Ghawzee - الغوازي‎




The Ghawazee mostly keep themselves distinct from other classes, abstaining from marriages with any but persons of their own tribe; but sometimes a Ghazeeyeh makes a vow of repentance, and marries a respectable Arab; who is not generally considered as disgraced by such a connection. All of them are brought up for the venal profession; but not all as dancers; and most of them marry; though they never do this until they have commenced their career of venality. The husband is subject to the wife: he performs for her the offices of a servant and a procurer; and generally, if she be a dancer, he is also her musician.








The Ghawazi (also ghawazee) (Egyptian Arabic: الغوازي‎) is a local practice describing female dancers who dance in return of money; the male version of the practice is described as "khawal". They first started as few Egyptian Domari who refused to dance for free unlike the common habit among all Egypt, then the idea got extensively practiced and got developed among rural Egyptians or Fellahin, who also developed a more rural and traditional style accompanied by Rural Egyptian songs and colorful dresses of the Fellahin and became a theme of Rural Egypt.

Over the years, Upper Egyptians (Sa'idis) mastered and then developed a different style of traditional Saidi dancing that's accompanied by Egyptian mizmar flute and Qena and Assuit's traditional female clothing of Telli (Egyptian Arabic: تلي)‎), a super silky type of local fabric. That Upper Egyptian style is the most famous, where the dancer is accompanied by a traditional Upper Egyptian Mizmar and a singer singing and narrating folk-songs in "Saidi Arabic" (Upper Egyptian Arabic language) about local hereos and popular love stories in towns.

The Ghawazee dancers are some of the indigenous professional dancers of Egypt. These traditional entertainers are becoming harder and harder to find as time passes. There are main movements and positioning of two of the most popular Ghawazee groups that are found in Modern Egypt; the Banat Mazin (Egyptian Arabic: بنات مازن‎) of Luxor and the Sumbati Ghawazee (Egyptian Arabic: غوازي السنباطي‎) of the Nile Delta. Banat Mazin are famous for their traditional Upper Egyptian vintage-style costume, so you can see how the movements would be affected by the costuming. The Sagat (finger cymbals), are optional but recommended in the Upper Egyptian/Saidi style.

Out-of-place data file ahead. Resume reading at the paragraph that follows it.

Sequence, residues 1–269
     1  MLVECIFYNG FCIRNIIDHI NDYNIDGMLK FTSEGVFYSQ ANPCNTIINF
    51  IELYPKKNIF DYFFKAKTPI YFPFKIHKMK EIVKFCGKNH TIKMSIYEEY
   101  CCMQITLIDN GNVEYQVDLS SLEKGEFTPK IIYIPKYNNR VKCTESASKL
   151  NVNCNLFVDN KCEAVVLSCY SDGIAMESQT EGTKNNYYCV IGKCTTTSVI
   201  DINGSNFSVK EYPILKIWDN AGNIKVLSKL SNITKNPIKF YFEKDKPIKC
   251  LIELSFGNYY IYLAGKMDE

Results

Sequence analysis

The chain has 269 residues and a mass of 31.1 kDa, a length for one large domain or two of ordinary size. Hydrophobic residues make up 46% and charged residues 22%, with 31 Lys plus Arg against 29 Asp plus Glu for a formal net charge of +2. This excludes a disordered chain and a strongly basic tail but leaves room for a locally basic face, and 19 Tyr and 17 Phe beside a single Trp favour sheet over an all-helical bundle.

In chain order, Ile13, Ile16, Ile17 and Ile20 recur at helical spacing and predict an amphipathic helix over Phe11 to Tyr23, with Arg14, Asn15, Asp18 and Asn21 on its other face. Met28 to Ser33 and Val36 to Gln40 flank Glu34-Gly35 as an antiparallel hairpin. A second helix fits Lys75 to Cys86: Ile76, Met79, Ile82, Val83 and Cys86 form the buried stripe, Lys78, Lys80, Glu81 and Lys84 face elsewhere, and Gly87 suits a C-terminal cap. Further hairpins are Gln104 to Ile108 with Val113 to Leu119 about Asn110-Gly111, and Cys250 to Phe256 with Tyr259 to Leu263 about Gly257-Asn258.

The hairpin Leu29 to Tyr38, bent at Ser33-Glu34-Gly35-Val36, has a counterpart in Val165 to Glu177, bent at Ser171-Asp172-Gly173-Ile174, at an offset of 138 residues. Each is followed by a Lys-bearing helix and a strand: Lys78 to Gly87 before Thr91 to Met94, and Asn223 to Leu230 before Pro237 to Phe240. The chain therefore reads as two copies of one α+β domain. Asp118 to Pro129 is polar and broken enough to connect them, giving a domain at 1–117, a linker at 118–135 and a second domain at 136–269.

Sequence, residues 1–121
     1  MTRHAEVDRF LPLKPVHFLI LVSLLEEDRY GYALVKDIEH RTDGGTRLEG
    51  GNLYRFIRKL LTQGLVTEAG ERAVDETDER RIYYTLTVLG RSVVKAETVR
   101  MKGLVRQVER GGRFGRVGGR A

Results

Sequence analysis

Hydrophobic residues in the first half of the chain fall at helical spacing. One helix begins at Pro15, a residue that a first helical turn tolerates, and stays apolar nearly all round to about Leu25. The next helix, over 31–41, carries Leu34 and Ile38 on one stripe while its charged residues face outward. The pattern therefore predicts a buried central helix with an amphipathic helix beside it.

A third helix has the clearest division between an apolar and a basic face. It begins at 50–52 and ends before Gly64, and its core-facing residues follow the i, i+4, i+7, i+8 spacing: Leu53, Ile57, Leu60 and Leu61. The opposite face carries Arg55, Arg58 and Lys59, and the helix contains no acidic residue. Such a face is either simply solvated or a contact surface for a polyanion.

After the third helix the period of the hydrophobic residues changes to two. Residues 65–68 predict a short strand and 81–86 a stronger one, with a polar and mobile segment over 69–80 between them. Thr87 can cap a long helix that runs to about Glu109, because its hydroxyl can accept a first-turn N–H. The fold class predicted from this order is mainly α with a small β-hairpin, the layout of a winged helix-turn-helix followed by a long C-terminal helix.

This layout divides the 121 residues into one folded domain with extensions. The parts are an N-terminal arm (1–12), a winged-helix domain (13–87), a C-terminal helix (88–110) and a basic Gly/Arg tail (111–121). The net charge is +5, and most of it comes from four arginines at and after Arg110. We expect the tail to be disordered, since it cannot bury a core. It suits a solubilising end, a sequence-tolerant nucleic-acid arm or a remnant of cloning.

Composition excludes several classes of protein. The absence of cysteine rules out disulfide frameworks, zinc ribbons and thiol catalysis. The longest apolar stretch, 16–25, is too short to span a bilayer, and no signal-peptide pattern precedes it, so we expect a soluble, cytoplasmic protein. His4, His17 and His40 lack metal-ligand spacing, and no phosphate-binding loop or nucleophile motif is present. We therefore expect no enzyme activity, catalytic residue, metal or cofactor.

While the performative and traditional raqs sharqi in urban Egypt was more classical and influenced by more formal and classical Western styles such as classical ballet or Latin American dance, the term ghawazi in Egypt refers to the dancers in rural Egypt who have preserved the traditional 18th- to 19th-century style.

The Arabic غوازي ghawāzī (singular غازية ghāziya) means "conqueror", as the ghaziya is said to "conquer" the hearts of her audience. They were also known as awālim (singular alma, transliterated almeh in French as almée), but in Egypt, Awalim are the traditional Egyptian dancers and singers of the city, not rural areas, who used to perform in respectable events such as the weddings and festivities of notable people.

Both terms are 19th-century euphemisms for "erotic dancer"; almeh literally means "learned woman" and came to be used as a replacement for ghaziya after the ghawazi were legally banned in 1834.

An almeh originally was a courtesan in Egyptian culture, a woman educated to sing and recite classical poetry and to discourse. After the ghawazi were banned, they were forced to pretend that they were in fact awalim. The term almeh was introduced in French Orientalism as almée and used synonymously with "belly dancer".

In 1834, the ghawazi were banished from Cairo to Upper Egypt by Muhammad Ali. Initially, the Ghawazi were a very small group who got banished because of their low-class dancing. By time the term then didn't refer to them but mainly became a general term for any dancers as it included all the traditional and folk dances of Rural and Upper Egyptians, mainly featuring mizmars and heavy bass lines and other traditional Egyptian music in the background.